How to Encourage Good Scratching Habits in Cats

As more and more cat owners are realizing the risks and hazards of declawing and letting their cats roam outdoors, they are faced with the issue of unwanted cat scratching behavior in the house.

Why do cats scratch and how can you encourage appropriate scratching?  Here’s some great information from the American Association of Feline Practitioners!

Why do cats scratch?

Cats have claws to help them hunt, defend themselves, and mark their territory.  Scratching is a natural feline behavior that serves a variety of purposes:  keeping their nails healthy, marking objects in their territory, and good old-fashioned stretching!

Some cats may also scratch when they are anxious and stressed.

How to help your cat with scratching issues

The AAFP advises cat owners to trim their cats’ claws regularly.  You can also provide multiple appropriate scratching surfaces and interactive play toys for each cat in the home.

Cats that exhibit stress related scratching (often in multi-cat households) can especially benefit from their own space and scratching materials.

What’s the best scratching product?

Most cats like to stretch upwards and scratch on a vertical surface.  Make sure you get a post that is tall enough for your cat to stretch on.  Horizontal scratchers are also available if your cat uses the carpet.

Cats prefer rough surfaces to scratch on, like tree bark in the wild.  This is why your cat may be drawn to textured furniture upholstery and carpet.

Choose a scratching post made of a rough material like sisal, corrugated cardboard, or wood.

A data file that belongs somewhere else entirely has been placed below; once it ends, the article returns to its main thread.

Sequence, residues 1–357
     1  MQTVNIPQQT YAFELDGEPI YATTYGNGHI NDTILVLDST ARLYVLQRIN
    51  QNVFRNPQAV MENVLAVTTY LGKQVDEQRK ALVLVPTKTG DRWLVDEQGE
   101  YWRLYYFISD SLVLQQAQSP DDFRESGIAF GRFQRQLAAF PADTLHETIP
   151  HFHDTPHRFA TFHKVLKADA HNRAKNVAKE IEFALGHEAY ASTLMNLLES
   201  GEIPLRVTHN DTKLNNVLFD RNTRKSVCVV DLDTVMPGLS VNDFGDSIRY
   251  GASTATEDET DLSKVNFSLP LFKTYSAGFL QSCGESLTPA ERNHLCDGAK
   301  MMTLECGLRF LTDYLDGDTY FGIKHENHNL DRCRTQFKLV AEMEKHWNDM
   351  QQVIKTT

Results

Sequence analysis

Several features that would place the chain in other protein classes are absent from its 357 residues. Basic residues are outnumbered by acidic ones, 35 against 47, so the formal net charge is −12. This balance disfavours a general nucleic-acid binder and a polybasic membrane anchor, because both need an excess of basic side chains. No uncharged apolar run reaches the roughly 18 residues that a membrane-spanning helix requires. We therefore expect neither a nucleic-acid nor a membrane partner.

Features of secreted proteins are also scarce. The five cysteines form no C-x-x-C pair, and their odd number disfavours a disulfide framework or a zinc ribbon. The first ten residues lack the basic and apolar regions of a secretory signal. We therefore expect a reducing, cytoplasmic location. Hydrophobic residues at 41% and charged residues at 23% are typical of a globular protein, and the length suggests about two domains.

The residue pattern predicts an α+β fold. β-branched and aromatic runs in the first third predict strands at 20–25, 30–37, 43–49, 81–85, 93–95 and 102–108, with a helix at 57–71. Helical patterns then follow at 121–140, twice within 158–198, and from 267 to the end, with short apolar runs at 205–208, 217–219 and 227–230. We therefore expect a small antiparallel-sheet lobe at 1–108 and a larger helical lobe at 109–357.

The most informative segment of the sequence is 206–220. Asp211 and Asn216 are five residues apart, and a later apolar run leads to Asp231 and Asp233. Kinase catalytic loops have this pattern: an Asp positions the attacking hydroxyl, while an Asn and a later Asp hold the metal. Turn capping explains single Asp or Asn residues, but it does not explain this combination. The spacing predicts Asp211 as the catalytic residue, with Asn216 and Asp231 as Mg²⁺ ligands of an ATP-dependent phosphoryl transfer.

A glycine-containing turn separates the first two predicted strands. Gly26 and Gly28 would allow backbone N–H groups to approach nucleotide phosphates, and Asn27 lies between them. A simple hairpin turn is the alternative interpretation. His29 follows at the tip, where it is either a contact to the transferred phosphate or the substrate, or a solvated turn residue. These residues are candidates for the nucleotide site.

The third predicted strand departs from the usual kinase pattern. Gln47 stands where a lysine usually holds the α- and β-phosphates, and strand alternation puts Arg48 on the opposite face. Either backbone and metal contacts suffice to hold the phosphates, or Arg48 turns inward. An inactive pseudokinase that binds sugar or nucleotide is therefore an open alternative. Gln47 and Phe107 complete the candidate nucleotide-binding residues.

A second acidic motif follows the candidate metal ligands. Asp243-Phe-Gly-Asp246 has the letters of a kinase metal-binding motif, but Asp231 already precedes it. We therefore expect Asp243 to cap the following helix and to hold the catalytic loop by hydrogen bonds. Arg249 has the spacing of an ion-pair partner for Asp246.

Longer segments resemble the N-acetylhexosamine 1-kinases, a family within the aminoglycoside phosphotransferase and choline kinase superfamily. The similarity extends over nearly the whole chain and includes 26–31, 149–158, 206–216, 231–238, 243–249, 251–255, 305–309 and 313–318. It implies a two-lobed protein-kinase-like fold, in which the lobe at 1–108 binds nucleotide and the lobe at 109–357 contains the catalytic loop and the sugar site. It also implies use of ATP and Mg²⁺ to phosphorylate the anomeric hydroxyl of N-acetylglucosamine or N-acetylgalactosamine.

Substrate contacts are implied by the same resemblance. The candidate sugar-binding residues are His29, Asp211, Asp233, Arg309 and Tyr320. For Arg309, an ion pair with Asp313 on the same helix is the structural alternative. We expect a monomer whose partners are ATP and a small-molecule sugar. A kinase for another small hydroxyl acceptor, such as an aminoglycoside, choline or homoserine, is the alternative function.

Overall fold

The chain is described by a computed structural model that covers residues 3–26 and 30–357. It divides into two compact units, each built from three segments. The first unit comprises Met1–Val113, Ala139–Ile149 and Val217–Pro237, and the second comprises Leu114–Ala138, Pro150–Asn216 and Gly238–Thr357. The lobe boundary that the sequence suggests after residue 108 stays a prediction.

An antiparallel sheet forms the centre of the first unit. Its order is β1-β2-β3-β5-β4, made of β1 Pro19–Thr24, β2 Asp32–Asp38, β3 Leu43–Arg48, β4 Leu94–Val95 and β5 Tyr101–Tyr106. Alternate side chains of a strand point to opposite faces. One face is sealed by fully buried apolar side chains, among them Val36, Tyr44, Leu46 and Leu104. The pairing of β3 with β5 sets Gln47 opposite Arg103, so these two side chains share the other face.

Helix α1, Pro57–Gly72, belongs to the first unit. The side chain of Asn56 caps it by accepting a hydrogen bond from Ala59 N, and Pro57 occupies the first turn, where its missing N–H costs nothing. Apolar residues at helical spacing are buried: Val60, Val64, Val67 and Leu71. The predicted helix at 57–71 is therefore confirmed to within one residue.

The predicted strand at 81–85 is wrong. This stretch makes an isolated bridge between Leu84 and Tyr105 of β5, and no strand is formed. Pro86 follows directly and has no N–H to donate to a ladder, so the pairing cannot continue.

How to encourage your cat to scratch appropriately

Place scratching posts near your cat’s favorite sleeping areas, and also near furniture that your cat likes to scratch.

Encourage your cat to use scratching posts by gently placing her near the post when she scratches furniture or carpet.  Reward good scratching behavior with your cat’s favorite things (treats, play, brushing, etc.)

 

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Video: FACE Success Story Jax and His “Dad” Luis

Back in March we introduced you to a very special dog who we had the honor of helping with a grant for emergency veterinary care.

Jax is a certified service dog for Luis, a military veteran who struggles with PTSD.  They were both seriously injured in a car accident with a drunk wrong-way driver.

Both Jax and Luis needed extensive medical treatment.  While Luis was hospitalized, Jax was also getting the veterinary care he needed.

A FACE grant helped Luis and his family pay for Jax’s treatment.

It’s been a long road to recovery for both Jax and Luis, but we are so happy to report that they are doing well.

Jax, Luis, Jax’s “sister” and the law enforcement officer who responded to the scene of the accident were honored guests at our recent golf tournament fundraiser, where we premiered this moving video detailing their story.

Thank you to everyone who supports our mission to save critically ill and injured pets in San Diego!

 

Happy World Kindness Day!